|"There can be no transforming of
into light and of apathy into movement without emotion."
How free is your emotional life? Do you respond to opportunities for emotion freely and spontaneously with a broad range of emotional options? Or are your emotions restricted, constricted, or held at bay? Are you able to express tenderness? How about anger? Can you cry when you are sad? Are you able to feel the pain of life’s wounds without retreating from the horror?
Some of us get caught up in gender roles, and the emotion is squeezed out of us. "Boys don’t cry," we are told. So we learn not to get too close to feelings that might make us cry. Others of us have had role models that taught us to reject some of our emotional options. Growing up with rageful parents, we might decide, without thinking there was a choice, that anger is not an acceptable emotion. On the other hand, we might have learned how to express anger, but not learned other emotional options.
If we grow up neglected or abused, the pain of that emotional abandonment can be so great that we will use all sorts of defenses to avoid feeling it. The terror of that emotional abyss may cause us to act in ways that are ultimately self destructive, but which direct attention away from the pain. For many, the energy behind addictive behaviors lies in their ability to, at least temporarily, take awareness away from emotional pain.
The way to be healthy and whole is not to abandon the ugly parts of our experience but to incorporate them into that lumpy collage we call our life. When we give up our fear of expressing authentic emotions, we become more flexible and adaptable. We open up new possibilities for experiencing the world and for deep and satisfying relationships.
Become an observer of your emotions. Practice this as a sitting meditation, but also as you go about your life.
Sit still and examine your emotional states. Attend to the sensations in your body. Notice where you carry tension. Notice feelings of heaviness or warmth. Scan your body for sensations, paying special attention to your head and face, your shoulders, neck, chest, abdomen, and lower spinal area.
What do you sense in each area? Are there areas where you feel nothing? Spend more time on those areas and see if something subtle comes into the range of perception.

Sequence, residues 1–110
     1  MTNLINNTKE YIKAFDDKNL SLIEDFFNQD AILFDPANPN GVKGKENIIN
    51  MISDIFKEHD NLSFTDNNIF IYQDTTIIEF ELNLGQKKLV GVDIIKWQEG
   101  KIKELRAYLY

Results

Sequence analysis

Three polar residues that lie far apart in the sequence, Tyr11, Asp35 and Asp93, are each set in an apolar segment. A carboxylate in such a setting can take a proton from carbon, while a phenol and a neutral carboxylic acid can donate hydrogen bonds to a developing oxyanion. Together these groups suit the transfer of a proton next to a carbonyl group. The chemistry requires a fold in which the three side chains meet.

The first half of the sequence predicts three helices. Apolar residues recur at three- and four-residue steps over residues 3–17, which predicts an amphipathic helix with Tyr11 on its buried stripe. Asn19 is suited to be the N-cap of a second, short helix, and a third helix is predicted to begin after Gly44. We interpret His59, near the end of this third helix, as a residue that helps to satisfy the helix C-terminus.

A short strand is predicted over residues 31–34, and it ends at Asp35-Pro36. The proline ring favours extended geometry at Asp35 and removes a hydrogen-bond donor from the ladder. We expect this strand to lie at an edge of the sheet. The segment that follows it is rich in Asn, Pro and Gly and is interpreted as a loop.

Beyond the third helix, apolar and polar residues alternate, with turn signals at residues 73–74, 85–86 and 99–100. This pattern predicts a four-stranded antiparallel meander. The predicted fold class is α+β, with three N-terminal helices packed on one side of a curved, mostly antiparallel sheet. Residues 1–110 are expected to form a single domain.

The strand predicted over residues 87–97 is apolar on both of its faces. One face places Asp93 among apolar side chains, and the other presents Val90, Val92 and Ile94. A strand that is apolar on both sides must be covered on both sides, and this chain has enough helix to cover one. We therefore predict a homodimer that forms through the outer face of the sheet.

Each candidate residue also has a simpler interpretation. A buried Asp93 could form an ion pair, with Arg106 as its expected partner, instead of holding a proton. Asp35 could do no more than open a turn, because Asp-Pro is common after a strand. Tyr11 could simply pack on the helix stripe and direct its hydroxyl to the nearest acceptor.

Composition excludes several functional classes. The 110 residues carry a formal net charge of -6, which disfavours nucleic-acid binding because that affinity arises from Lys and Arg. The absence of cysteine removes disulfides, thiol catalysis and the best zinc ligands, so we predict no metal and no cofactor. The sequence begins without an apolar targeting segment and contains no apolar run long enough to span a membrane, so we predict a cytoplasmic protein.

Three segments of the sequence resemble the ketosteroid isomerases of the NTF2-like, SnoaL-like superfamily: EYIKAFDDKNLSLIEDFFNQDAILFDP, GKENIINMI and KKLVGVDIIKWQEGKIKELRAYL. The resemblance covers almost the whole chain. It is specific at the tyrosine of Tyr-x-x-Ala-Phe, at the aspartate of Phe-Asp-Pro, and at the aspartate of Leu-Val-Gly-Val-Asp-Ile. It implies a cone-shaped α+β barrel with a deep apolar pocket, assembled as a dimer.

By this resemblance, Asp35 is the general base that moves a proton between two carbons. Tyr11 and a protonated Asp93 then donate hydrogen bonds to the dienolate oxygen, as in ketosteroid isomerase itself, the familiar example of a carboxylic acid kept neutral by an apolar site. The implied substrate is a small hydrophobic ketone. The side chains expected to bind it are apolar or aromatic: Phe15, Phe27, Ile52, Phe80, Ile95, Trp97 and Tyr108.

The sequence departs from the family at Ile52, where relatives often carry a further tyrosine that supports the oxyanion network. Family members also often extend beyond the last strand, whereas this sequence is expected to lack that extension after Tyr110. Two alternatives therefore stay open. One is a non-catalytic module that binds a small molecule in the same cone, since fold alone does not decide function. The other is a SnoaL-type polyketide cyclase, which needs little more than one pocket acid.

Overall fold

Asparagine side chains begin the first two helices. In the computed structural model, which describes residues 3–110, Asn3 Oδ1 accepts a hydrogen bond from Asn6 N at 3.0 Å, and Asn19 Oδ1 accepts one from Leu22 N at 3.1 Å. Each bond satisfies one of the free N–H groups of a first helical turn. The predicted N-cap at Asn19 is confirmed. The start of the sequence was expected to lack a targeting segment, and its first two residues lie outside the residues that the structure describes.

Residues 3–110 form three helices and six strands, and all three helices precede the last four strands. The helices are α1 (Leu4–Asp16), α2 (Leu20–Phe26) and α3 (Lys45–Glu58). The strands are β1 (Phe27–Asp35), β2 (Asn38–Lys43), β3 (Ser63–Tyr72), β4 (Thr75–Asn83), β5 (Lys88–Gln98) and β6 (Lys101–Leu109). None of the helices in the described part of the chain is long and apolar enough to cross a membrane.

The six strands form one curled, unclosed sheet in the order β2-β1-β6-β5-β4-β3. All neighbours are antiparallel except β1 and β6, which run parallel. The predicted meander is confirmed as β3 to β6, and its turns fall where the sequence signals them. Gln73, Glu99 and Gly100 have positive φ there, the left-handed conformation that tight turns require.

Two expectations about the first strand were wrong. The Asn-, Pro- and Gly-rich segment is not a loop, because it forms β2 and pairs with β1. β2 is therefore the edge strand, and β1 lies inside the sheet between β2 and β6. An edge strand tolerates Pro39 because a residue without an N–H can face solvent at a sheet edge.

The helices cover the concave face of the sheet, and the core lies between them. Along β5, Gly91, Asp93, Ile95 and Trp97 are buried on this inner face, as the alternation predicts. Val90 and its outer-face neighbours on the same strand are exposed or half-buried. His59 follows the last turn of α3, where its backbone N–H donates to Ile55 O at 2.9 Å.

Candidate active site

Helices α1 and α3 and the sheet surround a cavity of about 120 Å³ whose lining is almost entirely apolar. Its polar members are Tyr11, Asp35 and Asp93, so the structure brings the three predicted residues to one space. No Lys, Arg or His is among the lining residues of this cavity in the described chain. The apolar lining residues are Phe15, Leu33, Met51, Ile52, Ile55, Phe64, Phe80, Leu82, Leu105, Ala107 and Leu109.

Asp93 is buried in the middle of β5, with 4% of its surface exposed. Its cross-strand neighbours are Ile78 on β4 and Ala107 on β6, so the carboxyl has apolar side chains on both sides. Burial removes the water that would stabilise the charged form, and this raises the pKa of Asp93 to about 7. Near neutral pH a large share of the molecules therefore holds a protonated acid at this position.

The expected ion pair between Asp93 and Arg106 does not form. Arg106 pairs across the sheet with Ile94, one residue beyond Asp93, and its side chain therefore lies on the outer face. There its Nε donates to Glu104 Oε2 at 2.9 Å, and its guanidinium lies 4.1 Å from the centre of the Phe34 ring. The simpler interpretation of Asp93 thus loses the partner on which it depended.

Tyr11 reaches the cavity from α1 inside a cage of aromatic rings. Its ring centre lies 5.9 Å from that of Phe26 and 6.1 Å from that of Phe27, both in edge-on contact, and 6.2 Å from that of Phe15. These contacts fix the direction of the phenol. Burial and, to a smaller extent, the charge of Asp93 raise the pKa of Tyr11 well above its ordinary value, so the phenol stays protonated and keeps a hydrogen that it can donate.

As you focus on each area of your body, do you sense colors associated with that part? What colors do you associate with the area of your stomach, for instance? What emotions do you connect with those colors?
Do you perceive emptiness or fullness?
How is your breathing related to what you feel? Are your chest and abdomen tight and constricted, or do you breathe freely and easily?
Notice how your emotional state depends upon your physical sensations. What happens if you breathe more deeply?
What happens if you relax your muscles?
What happens if you visualize bright light in the dark areas of your body?
Now attend to the thoughts that go with your feeling states. What thoughts might be contributing to your feelings? What are the background thoughts you hold, possibly just out of the focus of your awareness, that set the tone for your emotional life? These may be related to your sense of self worth, your capabilities, and your basic assessment of yourself as a person.
What happens if you modify those thoughts? How do your body sensations change if you change a self critical thought to a self affirming thought? "I am lonely" might change to "I am loved." What happens in your body?
As you go about your daily life, pay attention to your emotional states. Notice the physical sensations that go with your emotions. If you think a particular emotion is intolerable, break it down. What is intolerable? Is it the tightness in your chest? The feeling of emptiness in your gut? Is it that you feel the energy flowing out of you? Or maybe you feel too much energy in some part of your body. Is it true that you can’t tolerate these sensations? What if you change that thought? What if you create the belief that you can tolerate any emotion that flows in you, because, after all, it is an impermanent condition. Emotions come and they go.
Pay attention to how you are feeling. When you feel badly, ask yourself, "Is this a genuine emotion I’m experiencing?" For instance, if you feel sad, are you sad because you are in a sad situation, or are you making yourself feel sad by dwelling in negative thoughts? If your thoughts are generating the emotion, consider that you have the power to change your thoughts.
© 2002 Tom Barrett